Celebrating the Fourth
Geneseo's celebration of Independence Day 1876 began with a National salute at sunrise. Bells were tolled and cannons fired from every village and hamlet throughout the county. The day dawned calm and clear and, as recorded in the Livingston Republican, “the birds felt the inspiration and gave vent to their patriotism in their sweetest songs.”
Within a. few hours the weather had changed, but not the mood of the day. The parade, which was to form at ten o'clock, was delayed for nearly an hour by a violent rainstorm. By eleven the weather had cleared and the procession began, consisting of two bands, soldiers, the fire department and their new Silsby Steam Engine, a golden chariot carrying 13 young ladies dressed in the fashion of 1776 representing the 13 original states, and two large wagons carrying 38 little girls all dressed in white with bright colored sashes and each waving a flag symbolizing the then 38 states of the Union.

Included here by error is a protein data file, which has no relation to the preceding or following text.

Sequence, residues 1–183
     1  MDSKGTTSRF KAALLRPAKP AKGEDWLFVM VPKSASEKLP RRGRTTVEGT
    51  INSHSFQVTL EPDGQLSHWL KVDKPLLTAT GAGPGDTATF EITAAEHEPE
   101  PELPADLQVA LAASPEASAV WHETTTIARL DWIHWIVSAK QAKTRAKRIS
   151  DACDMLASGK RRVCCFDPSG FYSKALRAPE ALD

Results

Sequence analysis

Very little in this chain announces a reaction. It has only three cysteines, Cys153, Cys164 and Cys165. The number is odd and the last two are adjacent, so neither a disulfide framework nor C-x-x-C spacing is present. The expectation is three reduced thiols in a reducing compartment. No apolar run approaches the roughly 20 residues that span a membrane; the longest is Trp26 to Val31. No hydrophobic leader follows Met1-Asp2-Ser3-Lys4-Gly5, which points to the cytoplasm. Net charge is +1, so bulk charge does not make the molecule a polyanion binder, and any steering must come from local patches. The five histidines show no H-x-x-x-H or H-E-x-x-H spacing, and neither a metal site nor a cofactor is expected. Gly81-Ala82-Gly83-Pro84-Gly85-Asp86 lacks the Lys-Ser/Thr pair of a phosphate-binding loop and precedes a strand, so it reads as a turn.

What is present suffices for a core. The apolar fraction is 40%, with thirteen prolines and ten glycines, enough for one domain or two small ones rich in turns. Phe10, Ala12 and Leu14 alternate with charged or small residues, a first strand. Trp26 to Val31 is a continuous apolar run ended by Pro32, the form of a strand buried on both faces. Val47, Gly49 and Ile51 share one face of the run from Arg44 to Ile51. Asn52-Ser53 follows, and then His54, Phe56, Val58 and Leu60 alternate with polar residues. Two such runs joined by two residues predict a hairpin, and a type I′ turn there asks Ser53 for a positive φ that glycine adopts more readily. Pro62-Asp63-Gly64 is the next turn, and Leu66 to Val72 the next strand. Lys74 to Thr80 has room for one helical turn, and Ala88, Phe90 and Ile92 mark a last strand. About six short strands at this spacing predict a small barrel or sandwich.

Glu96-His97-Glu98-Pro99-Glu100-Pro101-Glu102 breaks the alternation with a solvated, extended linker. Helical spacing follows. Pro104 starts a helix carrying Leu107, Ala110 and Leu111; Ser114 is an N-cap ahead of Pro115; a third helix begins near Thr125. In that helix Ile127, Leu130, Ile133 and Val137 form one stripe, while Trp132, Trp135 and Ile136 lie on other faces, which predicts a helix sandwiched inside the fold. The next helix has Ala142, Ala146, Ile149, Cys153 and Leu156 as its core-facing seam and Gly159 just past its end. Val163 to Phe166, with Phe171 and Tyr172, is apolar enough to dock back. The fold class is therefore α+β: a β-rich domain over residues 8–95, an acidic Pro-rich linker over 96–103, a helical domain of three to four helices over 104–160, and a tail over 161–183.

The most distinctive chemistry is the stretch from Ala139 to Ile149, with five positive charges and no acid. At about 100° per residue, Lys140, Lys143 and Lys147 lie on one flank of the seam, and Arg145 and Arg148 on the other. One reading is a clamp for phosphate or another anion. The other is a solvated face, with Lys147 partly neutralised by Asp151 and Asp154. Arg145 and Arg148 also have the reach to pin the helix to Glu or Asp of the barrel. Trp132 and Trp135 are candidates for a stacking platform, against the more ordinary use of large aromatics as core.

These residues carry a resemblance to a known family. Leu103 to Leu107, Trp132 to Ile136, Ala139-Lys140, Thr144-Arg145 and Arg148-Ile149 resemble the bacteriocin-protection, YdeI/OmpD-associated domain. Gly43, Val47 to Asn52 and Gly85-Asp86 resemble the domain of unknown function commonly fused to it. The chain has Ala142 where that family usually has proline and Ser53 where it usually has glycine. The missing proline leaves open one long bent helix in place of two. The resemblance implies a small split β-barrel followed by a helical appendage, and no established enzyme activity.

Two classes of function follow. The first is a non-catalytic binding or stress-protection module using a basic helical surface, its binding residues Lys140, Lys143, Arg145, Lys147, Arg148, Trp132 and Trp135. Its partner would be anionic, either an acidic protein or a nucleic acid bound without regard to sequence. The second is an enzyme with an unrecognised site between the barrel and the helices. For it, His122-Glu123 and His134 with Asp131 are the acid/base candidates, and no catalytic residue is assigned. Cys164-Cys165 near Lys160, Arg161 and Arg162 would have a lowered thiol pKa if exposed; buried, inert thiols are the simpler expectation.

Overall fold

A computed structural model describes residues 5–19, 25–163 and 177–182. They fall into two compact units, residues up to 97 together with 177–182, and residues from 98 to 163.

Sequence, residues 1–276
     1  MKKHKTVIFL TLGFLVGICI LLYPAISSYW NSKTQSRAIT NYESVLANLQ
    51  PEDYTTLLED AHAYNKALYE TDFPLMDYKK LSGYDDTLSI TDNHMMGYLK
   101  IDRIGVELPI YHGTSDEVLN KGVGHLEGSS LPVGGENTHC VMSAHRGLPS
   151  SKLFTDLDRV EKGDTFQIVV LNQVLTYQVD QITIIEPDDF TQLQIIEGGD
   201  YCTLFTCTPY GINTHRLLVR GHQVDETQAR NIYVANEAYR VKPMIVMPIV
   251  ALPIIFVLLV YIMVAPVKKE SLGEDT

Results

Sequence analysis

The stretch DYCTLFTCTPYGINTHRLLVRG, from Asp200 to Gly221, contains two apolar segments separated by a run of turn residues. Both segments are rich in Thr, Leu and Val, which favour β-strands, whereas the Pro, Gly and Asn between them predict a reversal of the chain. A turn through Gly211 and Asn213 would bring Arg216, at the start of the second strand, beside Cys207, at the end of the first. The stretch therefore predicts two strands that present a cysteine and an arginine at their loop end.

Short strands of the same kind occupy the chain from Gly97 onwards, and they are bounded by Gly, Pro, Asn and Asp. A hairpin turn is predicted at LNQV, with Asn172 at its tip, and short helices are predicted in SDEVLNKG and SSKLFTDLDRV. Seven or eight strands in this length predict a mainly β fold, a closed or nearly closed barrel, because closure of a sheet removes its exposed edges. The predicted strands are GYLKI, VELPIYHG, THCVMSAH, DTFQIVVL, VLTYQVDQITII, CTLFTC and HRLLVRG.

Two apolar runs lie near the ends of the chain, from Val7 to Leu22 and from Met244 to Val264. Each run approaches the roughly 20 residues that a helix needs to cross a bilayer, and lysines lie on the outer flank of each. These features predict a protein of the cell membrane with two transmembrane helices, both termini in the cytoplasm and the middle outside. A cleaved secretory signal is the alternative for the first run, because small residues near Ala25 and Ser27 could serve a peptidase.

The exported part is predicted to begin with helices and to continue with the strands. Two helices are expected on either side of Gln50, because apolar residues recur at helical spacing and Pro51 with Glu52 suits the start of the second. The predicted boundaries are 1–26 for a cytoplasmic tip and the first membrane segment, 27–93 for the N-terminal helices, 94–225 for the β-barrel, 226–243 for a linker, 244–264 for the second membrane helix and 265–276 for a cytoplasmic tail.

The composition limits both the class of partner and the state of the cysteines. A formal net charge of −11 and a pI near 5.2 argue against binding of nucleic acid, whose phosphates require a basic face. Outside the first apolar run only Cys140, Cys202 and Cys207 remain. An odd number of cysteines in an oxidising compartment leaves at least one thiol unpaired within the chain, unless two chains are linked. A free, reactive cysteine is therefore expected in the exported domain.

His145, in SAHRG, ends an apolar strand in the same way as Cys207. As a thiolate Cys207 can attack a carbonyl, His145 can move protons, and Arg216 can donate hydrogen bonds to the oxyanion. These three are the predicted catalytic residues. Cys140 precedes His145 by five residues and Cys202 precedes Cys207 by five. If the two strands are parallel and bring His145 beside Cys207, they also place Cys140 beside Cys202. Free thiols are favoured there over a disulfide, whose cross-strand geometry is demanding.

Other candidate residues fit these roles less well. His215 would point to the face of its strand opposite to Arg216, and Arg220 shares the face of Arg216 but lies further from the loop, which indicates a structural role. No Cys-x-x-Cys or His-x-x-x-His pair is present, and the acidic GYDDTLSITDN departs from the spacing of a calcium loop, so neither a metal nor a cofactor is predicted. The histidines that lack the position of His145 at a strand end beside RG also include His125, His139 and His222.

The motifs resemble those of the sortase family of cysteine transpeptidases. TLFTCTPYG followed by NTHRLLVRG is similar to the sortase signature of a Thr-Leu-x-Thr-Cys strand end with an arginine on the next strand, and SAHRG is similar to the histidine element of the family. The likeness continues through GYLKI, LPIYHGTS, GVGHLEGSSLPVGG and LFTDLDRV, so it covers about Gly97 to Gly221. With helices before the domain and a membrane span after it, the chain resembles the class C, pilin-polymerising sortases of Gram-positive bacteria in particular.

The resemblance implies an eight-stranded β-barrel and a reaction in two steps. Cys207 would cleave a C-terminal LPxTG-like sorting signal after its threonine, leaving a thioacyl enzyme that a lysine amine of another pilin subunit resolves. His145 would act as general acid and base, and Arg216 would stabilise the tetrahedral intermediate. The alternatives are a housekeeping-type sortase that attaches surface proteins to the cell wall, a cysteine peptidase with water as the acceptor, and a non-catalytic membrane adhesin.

Rain continued a threat so the procession, after marching through the streets of the village, proceeded to the Normal School Chapel, instead of the Fair Grounds, for religious and patriotic ceremonies, followed by lunch served by the ladies. In the afternoon the games and races scheduled were held on Main Street despite another hard downpour. The mud in the then unpaved street was ankle deep, but the enthusiastic crowd remained to watch and cheer the sack races, potato races, the chase for the greased pig, and other games.
By evening the rains had ceased, and the villagers reassembled, joined by friends from other towns and villages for the day's grand finale. The spectacular display of fireworks which took place was like none had seen before. Later, as the tired crowds headed towards their homes, the moon was shining, the night still and silent, and the village peaceful and secure.